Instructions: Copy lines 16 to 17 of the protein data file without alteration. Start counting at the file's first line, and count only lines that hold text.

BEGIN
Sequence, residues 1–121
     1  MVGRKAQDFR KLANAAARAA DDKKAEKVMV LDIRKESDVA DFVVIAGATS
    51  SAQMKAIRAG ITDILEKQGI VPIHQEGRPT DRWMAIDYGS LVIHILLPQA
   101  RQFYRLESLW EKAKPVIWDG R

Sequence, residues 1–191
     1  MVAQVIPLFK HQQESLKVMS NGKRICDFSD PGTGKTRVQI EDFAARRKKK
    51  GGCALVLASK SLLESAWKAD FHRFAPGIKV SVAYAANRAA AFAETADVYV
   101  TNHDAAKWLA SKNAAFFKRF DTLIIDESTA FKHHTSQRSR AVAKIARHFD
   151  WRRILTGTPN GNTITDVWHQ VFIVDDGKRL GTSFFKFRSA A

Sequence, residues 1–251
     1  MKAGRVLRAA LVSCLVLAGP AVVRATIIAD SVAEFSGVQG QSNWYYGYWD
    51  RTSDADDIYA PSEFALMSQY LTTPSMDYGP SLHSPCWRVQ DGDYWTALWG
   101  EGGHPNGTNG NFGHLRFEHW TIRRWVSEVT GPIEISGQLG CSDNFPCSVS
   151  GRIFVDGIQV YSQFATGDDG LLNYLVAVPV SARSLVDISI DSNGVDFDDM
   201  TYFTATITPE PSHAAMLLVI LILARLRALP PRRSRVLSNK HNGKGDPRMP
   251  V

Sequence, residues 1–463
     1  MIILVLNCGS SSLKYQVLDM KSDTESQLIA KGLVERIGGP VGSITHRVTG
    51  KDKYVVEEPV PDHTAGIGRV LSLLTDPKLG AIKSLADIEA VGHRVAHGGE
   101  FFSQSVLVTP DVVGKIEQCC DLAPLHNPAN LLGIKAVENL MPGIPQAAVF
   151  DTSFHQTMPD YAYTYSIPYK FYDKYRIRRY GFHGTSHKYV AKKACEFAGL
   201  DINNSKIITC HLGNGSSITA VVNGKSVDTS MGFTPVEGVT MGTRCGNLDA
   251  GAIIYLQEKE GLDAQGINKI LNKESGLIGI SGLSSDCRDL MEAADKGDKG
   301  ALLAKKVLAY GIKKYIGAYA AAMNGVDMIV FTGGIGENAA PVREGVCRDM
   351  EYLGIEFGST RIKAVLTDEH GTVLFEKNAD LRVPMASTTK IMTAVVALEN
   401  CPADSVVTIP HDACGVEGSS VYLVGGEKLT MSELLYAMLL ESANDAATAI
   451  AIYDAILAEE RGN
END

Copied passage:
   251  V

Sequence, residues 1–463